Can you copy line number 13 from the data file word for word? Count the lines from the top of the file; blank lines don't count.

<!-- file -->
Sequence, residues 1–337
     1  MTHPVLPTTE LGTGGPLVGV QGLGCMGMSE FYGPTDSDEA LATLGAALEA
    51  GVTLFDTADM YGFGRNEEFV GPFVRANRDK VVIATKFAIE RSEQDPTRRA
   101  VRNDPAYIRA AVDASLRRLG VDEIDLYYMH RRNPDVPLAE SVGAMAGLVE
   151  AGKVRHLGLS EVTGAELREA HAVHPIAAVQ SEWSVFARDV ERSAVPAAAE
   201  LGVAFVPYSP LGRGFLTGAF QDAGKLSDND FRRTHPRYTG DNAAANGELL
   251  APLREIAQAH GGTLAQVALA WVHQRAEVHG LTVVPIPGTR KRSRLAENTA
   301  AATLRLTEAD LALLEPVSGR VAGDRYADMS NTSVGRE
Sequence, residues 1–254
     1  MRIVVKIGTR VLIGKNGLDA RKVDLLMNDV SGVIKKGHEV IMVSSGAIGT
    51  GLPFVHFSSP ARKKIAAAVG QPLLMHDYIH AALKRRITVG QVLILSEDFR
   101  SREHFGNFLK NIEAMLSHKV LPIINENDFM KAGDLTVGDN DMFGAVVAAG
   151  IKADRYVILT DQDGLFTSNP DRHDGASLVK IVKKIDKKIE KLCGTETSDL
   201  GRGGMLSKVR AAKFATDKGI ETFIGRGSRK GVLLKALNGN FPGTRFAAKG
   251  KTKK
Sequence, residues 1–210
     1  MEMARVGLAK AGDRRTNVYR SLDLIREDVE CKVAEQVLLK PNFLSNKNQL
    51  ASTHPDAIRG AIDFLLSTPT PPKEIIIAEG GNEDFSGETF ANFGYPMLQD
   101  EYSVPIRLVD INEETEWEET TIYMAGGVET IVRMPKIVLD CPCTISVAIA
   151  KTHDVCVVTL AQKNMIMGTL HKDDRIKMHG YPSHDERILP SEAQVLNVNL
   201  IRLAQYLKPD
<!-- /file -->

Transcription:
   151  IKADRYVILT DQDGLFTSNP DRHDGASLVK IVKKIDKKIE KLCGTETSDL